– The Stephanie Miller Show. Unlike the other shows listed, this series aired primarily in late-night. Hosted by Los Angeles radio personality Stephanie Miller, this show lasted just three months before Buena Vista Television pulled the plug and Danny Bonaduce’s show. These two were the last shows Buena Vista distributed before the syndicator’s parent (The Walt Disney Company) merged with ABC. Miller is still in radio, hosting a syndicated talker with is also simulcasted on Current TV.
– Lauren Hutton and… The model/actress hosted this late-night one-on-one interview series, similar in format to Whoopi Goldberg’s short-lived 1992 late-night talker. This would be the last project Turner Program Services would syndicate before its buyout by Time Warner and its merge with Warner Bros. Domestic Television.
In addition, The Charles Perez Show, a conflict talker from Tribune Entertainment that debuted earlier in 1995, was canceled in March 1996.
Also of note: the 1995-96 season was the last one for Phil Donahue, who retired after 29 years as his show was dropped in his home market of New York City.
The 1995-96 season was also saw a return of a familiar phrase talk show fans saw before: “Trash TV”, used to describe the heyday of controversial talkers Geraldo Rivera and Morton Downey Jr., as fights, hair-pulling, and chair throwing were common on these shows – particularly on Springer, Perez, and Richard Bey (whose own hory show would also exit in 1996 – you haven’t lived until you’ve seen women mud-wrestling to pig noises.) Topics such as “Stop having sex with my man!” and “Oops! I got the babysitter pregnant!” were quite common. Three congressmen also took aim at these type of shows – not to mention critics like the American Family Association and the Parents Television Council, who formed in 1995 – the same year many trash TV talkers’ skyrocketed in popularity.
At the same time, Oprah Winfrey and Donahue – each dabbling in some of the topics of Trash TV in the past, were now touting the high road they took. But its interesting to note by 1998, the top-rated talk show on television was Jerry Springer, who became a target by critics and was even hauled in front of the Chicago City Council regarding the non-stop fighting on his show.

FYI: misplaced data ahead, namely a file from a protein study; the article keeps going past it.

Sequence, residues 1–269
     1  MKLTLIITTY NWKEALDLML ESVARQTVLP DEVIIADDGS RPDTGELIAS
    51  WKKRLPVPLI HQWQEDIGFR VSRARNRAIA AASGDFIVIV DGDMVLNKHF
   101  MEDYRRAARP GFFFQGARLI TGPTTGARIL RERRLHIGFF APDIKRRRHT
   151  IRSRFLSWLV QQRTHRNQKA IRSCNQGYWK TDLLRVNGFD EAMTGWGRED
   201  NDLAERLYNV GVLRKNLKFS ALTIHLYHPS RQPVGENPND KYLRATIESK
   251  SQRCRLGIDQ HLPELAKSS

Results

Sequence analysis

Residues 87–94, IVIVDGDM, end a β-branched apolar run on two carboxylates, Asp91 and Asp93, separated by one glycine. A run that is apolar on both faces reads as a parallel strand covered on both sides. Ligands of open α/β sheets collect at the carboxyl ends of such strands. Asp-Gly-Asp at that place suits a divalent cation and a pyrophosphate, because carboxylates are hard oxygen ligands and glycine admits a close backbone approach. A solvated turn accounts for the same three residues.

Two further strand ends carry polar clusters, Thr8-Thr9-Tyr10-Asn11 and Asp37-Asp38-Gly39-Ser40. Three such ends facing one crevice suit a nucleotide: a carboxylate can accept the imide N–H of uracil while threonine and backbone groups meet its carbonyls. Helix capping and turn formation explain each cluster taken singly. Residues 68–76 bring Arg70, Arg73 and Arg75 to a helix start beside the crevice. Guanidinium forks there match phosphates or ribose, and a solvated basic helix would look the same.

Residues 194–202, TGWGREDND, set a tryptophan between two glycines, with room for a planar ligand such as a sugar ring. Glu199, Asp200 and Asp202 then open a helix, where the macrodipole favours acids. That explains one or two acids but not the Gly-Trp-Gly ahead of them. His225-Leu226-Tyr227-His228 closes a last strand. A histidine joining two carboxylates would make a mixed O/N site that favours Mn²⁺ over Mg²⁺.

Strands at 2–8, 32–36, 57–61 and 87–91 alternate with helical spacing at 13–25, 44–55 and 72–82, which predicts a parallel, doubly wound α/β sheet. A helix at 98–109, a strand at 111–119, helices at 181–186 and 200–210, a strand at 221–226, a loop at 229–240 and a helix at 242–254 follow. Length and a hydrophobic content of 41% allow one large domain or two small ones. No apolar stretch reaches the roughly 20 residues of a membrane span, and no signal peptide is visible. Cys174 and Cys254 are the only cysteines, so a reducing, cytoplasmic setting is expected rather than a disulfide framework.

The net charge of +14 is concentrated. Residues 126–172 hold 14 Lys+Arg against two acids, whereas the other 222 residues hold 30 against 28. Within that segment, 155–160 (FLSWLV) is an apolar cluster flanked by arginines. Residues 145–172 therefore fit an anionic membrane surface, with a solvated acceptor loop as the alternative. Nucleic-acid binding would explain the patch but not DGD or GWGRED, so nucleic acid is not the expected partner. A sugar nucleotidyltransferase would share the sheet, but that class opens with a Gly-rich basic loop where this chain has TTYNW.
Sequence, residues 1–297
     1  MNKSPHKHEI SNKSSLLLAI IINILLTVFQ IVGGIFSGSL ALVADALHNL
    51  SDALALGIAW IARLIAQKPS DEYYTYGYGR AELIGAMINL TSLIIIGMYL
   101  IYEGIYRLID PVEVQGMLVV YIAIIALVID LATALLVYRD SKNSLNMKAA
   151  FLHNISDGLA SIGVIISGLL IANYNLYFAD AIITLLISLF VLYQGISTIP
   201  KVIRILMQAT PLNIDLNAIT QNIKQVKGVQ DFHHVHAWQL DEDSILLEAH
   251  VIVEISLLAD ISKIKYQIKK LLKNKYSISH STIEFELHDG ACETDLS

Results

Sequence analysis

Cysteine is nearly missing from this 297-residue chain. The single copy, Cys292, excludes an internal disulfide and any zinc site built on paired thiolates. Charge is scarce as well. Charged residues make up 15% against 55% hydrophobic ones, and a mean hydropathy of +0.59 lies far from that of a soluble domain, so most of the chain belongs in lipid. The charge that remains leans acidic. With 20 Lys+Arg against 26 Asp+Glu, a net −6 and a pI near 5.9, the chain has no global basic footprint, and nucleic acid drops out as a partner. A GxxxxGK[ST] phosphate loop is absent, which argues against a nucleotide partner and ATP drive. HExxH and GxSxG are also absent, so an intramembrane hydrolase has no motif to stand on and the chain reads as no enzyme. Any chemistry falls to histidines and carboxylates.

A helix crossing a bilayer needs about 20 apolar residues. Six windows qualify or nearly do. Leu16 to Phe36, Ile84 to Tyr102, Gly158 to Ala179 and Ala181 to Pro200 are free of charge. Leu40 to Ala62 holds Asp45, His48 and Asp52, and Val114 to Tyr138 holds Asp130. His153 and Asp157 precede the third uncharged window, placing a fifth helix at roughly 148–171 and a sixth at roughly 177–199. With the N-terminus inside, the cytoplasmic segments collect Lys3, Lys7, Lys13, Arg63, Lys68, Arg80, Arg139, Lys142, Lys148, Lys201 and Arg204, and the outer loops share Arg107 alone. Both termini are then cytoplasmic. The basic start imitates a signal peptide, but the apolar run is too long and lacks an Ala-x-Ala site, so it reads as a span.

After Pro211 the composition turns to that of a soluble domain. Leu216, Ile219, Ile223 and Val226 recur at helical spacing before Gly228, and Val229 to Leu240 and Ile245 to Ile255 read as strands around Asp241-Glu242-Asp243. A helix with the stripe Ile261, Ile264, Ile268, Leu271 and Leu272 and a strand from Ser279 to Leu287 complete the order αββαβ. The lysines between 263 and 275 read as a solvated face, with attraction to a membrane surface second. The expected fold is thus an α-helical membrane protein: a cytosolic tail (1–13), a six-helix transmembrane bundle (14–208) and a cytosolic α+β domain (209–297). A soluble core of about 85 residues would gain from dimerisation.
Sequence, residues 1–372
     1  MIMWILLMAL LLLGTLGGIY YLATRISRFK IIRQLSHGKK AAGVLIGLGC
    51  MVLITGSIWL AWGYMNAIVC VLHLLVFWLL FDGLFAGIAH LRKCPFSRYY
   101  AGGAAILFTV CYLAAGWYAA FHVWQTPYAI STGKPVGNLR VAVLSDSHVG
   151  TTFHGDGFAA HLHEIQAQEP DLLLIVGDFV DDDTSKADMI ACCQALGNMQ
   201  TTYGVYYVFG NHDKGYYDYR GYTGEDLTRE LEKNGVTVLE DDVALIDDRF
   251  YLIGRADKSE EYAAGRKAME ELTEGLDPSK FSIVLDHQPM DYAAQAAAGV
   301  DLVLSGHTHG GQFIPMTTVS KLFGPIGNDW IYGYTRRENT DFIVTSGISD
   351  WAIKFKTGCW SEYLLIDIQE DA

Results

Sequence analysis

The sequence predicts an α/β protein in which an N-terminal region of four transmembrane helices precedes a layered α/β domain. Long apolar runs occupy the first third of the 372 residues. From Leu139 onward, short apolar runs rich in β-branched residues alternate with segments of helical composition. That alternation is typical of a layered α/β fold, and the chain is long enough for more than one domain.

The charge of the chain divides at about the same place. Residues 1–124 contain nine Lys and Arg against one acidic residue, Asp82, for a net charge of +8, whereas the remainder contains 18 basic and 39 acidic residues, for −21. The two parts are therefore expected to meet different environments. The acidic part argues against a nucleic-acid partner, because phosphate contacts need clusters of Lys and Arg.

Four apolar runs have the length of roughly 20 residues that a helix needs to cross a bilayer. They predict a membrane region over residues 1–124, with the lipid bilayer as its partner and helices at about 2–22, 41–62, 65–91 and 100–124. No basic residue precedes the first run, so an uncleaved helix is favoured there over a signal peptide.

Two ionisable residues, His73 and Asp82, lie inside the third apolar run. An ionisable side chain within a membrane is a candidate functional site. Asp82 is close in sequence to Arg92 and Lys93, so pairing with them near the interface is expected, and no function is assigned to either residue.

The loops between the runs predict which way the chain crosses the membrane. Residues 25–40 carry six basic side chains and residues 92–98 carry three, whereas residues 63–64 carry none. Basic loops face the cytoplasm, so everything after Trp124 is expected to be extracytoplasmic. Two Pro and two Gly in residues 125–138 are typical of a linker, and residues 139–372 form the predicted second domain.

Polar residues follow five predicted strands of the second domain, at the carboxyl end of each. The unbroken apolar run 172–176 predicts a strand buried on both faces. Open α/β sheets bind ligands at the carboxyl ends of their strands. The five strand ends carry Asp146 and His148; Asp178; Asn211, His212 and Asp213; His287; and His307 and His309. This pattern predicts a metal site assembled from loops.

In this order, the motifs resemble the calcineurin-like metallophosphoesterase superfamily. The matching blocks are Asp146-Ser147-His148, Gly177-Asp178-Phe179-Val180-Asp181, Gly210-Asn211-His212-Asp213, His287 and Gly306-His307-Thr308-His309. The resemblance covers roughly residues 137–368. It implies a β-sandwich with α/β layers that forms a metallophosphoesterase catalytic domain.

The reason why the entire freshman talk show class of 1995 failed wasn’t because of racy topics or advertiser unrest – it was mainly because of a glut of talk shows on the air – dividing up audiences and ratings. You also have to factor in the effects of the O.J. Simpson trial – the six daytime talkers were not able to get decent sampling because these shows debuted at a time the trial was winding down as more and more viewers fled into the entrances of CNN and Court TV.
With a similar glut of product, could The Great Talk Show Rush of 2012 meet a similar fate? Yes, that’s a possibility, but these days, times are different – syndicators are more tolerant of lower ratings – preferring the show finds an audience, hence the return of Wendy Williams and Jeremy Kyle for another season. And lower numbers are more acceptable in an era of more viewing choices, such as DVR’s, Netflix, Hulu, and on-demand viewing – platforms that weren’t available in 1995, although the VCR was. Today’s conflict talkers – Springer, Povich, Steve Wilkos, and Jeremy Kyle among them – aren’t even a concern anymore, as politicians and advocacy groups have moved on to other issues.
So as we are about to open another season in the world of syndication, sometimes it helps to take a look at the past – because it awfully looks so much like the future. You know what? We’ll have a sitcom named Partners on the air this fall – just like we did in 1995.
(Updated 2012-09-11 at 11:08 p.m.)